We recently covered tips on how to effectively master at home. Once you’ve gotten the hang of your mastering workstation, the next goal is to slowly but surely build a mastering workflow that consistently yields great-sounding masters. By optimizing your order of mastering operations, you not only shave off time in your workflow therefore increasing the number of songs you can master, you also build your list of clientele faster in a shorter timespan. Follow this order of mastering operations below to get you started. Think of this blueprint as a catalyst to your journey towards discovering a mastering workflow that’s tailored exactly to your liking.
Double-check that you have the correct files
Double check that the mixes you’re mastering are in lossless full-resolution quality—WAV format in the mix session’s native sample rate with the bit depth at least 24-bit or 32-bit float is recommended. Avoid mastering mixes in lossy formats such as MP3s at any cost. It also won’t hurt to check that the mixes are in stereo as opposed to mono (it happens!).
Request for metadata (artist name, song/album name, track listing)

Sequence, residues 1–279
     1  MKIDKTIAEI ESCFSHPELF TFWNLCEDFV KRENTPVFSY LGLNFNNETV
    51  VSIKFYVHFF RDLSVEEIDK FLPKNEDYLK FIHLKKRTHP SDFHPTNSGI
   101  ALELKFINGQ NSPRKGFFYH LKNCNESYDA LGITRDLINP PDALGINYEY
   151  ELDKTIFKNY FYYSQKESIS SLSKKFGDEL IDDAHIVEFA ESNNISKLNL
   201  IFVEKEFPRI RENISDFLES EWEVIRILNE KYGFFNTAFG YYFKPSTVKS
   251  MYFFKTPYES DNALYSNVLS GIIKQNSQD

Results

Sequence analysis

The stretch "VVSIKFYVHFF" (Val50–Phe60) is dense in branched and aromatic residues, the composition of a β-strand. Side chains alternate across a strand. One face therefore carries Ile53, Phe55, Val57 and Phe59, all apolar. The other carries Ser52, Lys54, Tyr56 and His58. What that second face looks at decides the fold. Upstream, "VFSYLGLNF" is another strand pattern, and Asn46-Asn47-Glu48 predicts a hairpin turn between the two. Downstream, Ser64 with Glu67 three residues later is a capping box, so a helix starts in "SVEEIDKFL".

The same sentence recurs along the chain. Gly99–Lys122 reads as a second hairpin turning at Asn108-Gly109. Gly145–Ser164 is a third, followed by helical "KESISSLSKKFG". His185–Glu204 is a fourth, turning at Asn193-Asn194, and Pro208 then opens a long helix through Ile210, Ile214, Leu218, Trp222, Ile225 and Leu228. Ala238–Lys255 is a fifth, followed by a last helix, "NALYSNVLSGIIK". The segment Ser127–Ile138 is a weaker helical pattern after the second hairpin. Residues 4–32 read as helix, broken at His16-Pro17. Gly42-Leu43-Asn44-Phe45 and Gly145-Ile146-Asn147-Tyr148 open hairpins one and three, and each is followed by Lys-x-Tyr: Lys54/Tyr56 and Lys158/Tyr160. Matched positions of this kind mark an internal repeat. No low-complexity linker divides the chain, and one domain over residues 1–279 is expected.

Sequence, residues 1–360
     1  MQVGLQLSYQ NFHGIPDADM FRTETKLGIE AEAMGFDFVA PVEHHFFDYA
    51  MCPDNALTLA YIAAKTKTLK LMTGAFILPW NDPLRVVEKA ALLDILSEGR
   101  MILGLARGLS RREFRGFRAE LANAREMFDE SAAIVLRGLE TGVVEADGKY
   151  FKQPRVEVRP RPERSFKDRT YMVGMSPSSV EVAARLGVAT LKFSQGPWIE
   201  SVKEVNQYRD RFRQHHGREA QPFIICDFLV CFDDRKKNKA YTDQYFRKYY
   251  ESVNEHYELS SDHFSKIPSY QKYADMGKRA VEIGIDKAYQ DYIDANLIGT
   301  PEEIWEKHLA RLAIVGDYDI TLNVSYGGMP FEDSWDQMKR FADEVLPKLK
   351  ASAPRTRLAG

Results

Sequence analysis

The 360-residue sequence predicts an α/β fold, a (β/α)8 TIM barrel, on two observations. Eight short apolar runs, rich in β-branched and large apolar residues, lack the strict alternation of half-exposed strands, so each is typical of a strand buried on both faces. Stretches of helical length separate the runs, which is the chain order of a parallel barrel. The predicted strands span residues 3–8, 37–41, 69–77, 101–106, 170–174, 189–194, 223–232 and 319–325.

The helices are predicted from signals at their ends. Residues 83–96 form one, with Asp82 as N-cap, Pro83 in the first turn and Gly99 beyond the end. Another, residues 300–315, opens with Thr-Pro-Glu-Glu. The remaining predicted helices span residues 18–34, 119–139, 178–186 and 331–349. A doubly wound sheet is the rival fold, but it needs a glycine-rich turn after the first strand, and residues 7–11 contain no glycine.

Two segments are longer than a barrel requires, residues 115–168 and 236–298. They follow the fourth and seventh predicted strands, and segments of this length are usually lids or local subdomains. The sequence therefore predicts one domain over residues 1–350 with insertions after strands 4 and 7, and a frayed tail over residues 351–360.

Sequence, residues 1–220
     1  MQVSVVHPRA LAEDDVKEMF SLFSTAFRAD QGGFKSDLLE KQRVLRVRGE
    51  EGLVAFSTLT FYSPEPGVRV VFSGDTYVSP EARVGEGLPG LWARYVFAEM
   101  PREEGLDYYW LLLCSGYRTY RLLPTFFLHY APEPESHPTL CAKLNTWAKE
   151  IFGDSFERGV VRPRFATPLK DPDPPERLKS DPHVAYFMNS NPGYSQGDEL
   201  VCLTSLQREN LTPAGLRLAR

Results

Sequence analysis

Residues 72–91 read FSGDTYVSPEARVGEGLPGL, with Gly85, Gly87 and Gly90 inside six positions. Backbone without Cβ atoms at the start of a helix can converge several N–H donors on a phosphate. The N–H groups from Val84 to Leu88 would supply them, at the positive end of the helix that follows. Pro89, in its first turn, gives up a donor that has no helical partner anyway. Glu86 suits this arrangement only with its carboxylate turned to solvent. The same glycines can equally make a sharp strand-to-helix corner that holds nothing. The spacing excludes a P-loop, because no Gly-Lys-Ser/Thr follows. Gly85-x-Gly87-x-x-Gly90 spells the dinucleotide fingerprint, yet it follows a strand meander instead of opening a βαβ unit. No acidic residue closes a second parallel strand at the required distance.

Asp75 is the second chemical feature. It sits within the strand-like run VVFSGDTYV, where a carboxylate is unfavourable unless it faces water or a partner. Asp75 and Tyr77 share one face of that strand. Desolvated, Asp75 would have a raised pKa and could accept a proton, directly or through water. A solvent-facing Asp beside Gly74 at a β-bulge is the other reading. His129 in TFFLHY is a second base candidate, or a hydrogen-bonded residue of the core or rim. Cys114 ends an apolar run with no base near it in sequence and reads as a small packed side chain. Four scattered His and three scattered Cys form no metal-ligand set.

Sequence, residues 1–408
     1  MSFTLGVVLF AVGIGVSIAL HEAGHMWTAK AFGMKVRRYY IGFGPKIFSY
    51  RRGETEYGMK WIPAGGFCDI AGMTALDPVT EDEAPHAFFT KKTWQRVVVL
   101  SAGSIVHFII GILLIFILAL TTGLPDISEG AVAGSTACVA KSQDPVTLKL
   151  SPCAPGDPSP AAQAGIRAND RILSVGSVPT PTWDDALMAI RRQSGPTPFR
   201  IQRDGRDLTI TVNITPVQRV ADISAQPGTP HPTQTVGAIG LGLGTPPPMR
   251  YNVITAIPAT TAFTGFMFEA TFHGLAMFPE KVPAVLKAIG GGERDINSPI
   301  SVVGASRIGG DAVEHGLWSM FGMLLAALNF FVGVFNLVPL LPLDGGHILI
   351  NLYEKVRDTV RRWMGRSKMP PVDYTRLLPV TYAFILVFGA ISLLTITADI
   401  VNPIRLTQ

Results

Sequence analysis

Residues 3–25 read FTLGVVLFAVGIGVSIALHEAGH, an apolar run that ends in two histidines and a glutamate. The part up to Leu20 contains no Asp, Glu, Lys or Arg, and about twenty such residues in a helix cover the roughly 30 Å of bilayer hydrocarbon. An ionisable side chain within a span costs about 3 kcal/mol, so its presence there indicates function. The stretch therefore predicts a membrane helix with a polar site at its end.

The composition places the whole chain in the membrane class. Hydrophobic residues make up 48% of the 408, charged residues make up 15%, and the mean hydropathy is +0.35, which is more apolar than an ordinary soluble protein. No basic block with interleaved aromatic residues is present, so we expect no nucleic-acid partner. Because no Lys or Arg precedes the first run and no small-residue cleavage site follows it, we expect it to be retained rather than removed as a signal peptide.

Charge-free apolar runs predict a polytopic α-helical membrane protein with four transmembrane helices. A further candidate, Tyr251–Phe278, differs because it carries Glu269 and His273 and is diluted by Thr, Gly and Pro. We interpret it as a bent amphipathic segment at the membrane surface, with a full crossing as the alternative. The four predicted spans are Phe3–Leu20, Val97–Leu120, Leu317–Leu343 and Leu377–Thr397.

Having the metadata right at the beginning of the mastering stage helps maintain a smooth-flowing mastering session, especially when mastering a full album. Knowing the track listing beforehand is crucial in ensuring a cohesive musical flow from beginning to end. Proper metadata also ensures accurate documentation of the files/session on your end, thus avoiding any potential problems with archiving.
Get to know the artist's vision
Take the time to communicate with the client on how they envision the final sound of their music. There’s intrinsically no right or wrong when it comes to music. What matters is that you’re making mastering decisions that serve the vision and intent of the artist. And the only way to make that possible is to have that dialogue with them. Also ask where they intend to release their music—e.g. digital streaming, physical (CD/cassettes), vinyl, etc. This will help determine what final deliverables you’ll need to prepare for your client.
It’s time to master
Optimize your mastering workstation with proper calibration
As mentioned in the previous article, calibrating your speakers to a fixed monitoring gain allows your ears to develop an internalized reference for loudness and tonal balance. Equally important, however, is the proper gain-staging of your signal chain—making sure each point of amplification is calibrated to ensure an optimal signal-to-noise ratio and minimal distortion. It could be as simple of a habit as feeding a test tone before every session (1 kHz sine wave) through your analog outboard gear to ensure that the left and right channels are balanced.
Listen before you start mastering